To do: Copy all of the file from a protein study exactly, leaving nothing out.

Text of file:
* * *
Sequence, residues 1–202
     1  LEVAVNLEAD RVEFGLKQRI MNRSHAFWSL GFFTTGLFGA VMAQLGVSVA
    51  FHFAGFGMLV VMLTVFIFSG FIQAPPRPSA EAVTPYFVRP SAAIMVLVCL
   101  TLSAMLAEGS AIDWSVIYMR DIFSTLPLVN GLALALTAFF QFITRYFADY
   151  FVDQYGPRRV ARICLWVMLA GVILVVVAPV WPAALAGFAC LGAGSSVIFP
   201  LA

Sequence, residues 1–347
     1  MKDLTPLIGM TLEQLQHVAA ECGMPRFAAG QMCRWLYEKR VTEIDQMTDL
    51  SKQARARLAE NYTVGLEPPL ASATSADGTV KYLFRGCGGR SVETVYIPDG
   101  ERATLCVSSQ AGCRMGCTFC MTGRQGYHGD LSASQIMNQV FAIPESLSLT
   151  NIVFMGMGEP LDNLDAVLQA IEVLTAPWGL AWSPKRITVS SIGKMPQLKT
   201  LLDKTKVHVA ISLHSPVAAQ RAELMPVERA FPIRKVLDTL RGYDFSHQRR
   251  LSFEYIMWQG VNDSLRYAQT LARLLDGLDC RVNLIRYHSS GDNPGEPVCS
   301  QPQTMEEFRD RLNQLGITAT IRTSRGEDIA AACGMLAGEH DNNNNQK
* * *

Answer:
Sequence, residues 1–202
     1  LEVAVNLEAD RVEFGLKQRI MNRSHAFWSL GFFTTGLFGA VMAQLGVSVA
    51  FHFAGFGMLV VMLTVFIFSG FIQAPPRPSA EAVTPYFVRP SAAIMVLVCL
   101  TLSAMLAEGS AIDWSVIYMR DIFSTLPLVN GLALALTAFF QFITRYFADY
   151  FVDQYGPRRV ARICLWVMLA GVILVVVAPV WPAALAGFAC LGAGSSVIFP
   201  LA

Sequence, residues 1–347
     1  MKDLTPLIGM TLEQLQHVAA ECGMPRFAAG QMCRWLYEKR VTEIDQMTDL
    51  SKQARARLAE NYTVGLEPPL ASATSADGTV KYLFRGCGGR SVETVYIPDG
   101  ERATLCVSSQ AGCRMGCTFC MTGRQGYHGD LSASQIMNQV FAIPESLSLT
   151  NIVFMGMGEP LDNLDAVLQA IEVLTAPWGL AWSPKRITVS SIGKMPQLKT
   201  LLDKTKVHVA ISLHSPVAAQ RAELMPVERA FPIRKVLDTL RGYDFSHQRR
   251  LSFEYIMWQG VNDSLRYAQT LARLLDGLDC RVNLIRYHSS GDNPGEPVCS
   301  QPQTMEEFRD RLNQLGITAT IRTSRGEDIA AACGMLAGEH DNNNNQK